Here is Patil. From what I can piece together, he was a young constable who was under the eyes of the police, the prosecution, and of course the Salman fans after it all happened and it was just too much for one person to handle. His family describes him cracking under the pressure, becoming an alcoholic, changing phone numbers, sometimes disappearing for days or weeks on end. It is a matter of record that he changed his statement slightly multiple times, for instance not mentioning Salman as drunk in the original FIR. To me, that seems like the kind of error that a young man under pressure would make, no massive conspiracy necessary to explain it. If Salman had been less famous and the case less high profile and Salman fans less rabid, he would probably be alive today. His family hates Salman Khan for everything that happened to them and was furious when his conviction was overturned.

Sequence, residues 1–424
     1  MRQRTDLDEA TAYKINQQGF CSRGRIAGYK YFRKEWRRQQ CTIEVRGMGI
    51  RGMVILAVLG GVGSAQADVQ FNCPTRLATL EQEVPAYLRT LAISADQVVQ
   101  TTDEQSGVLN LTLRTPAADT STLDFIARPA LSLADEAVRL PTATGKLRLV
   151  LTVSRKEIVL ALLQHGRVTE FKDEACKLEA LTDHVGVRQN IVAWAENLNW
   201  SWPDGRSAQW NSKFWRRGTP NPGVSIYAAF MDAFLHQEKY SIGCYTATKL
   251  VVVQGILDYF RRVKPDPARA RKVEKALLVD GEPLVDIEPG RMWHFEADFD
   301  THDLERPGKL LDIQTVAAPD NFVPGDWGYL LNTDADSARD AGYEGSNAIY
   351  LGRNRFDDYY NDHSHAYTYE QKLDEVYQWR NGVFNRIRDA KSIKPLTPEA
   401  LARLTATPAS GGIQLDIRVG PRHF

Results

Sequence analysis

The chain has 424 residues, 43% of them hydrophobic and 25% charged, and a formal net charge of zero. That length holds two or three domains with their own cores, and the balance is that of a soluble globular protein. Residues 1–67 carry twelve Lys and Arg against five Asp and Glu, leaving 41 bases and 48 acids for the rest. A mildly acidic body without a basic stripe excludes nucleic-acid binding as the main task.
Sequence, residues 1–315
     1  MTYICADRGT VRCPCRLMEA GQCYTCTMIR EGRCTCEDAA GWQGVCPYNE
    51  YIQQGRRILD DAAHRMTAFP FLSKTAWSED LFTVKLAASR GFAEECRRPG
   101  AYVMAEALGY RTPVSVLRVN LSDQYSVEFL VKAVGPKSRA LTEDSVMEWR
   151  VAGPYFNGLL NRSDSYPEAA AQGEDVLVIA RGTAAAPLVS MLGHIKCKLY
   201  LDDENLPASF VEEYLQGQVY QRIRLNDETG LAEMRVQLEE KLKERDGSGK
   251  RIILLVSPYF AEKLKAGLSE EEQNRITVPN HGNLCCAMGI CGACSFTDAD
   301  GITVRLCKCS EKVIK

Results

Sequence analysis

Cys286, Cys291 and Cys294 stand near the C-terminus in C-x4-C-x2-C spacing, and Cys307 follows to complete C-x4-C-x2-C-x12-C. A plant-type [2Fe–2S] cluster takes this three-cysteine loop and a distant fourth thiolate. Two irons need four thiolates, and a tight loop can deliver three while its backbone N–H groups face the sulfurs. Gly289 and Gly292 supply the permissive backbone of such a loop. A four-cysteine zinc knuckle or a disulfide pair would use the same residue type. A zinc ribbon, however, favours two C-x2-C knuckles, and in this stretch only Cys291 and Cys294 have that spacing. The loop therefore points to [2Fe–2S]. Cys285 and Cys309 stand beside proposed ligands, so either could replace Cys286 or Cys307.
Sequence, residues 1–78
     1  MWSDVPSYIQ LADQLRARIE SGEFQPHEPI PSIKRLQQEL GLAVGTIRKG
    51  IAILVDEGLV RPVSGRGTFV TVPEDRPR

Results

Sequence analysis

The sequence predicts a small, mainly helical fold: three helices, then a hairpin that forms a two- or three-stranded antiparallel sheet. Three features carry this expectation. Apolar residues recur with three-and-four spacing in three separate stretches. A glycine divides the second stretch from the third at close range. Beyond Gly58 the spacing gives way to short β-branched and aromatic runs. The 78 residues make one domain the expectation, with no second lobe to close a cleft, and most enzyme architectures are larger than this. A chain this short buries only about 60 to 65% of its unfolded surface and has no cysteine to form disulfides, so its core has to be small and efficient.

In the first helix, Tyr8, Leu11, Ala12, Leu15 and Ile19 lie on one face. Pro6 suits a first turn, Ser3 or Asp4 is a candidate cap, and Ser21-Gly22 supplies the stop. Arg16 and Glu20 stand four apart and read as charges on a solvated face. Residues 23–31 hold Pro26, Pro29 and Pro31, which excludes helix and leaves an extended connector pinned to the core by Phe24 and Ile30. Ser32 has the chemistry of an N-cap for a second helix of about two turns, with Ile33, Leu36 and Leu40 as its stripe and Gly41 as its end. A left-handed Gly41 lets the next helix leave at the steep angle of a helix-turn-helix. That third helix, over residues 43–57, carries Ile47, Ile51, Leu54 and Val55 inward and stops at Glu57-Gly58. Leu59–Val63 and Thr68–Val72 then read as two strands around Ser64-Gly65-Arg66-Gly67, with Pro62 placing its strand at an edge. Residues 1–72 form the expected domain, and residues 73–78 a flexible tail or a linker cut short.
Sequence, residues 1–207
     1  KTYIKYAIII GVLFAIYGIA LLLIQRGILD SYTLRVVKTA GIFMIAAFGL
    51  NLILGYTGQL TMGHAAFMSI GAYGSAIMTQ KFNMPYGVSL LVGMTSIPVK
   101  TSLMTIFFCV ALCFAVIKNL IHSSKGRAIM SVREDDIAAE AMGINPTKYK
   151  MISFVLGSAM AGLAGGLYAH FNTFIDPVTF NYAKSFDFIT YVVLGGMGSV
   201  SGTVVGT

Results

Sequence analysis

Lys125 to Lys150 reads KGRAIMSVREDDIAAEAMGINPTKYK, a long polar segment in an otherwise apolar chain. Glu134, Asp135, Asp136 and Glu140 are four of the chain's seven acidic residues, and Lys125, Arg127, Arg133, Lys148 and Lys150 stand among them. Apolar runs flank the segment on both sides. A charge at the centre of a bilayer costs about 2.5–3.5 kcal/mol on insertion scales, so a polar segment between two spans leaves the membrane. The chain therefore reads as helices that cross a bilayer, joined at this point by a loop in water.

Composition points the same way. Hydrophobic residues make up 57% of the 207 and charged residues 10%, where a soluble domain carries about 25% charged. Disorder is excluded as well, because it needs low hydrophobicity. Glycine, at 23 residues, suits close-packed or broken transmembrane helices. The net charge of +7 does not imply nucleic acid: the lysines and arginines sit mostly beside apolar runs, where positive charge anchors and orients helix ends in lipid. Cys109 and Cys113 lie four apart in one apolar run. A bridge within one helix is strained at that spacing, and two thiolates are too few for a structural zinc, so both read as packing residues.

The defense on the other hand can offer the testimony of Salman’s friend who confirms that he arrived on the scene to find the mob starting to throw stones at Salman and he insisted that Salman leave, he and his wife flagged down a car and got him out. The defense can also offer the testimony of the driver, who states that he was driving the car.

Now, you ready for my personal opinion? Salman was clearly driving. His driver is lying for him. The story about changing drivers makes it even more likely, Salman left the house with a driver as would be normal, but when he got sick Salman jumped behind the wheel drunk and drove home and had the accident, because he was drunk. Ravindra Patil changed his story many times because he was young and had a lot of pressure on him, but the basic fact that Salman was behind the wheel is true. But on the other hand, Salman didn’t flee the scene. That is against his nature and history, and his friend can offer testimony that he had to be persuaded to leave. And in some accounts, Salman and his family have suggested that it was in fact Ravindra Patil who ordered him to leave. Which would seem logical, because everyone agrees an angry mob was gathering, and might also explain Patil’s changing of his story, pressure to hide that part of the story: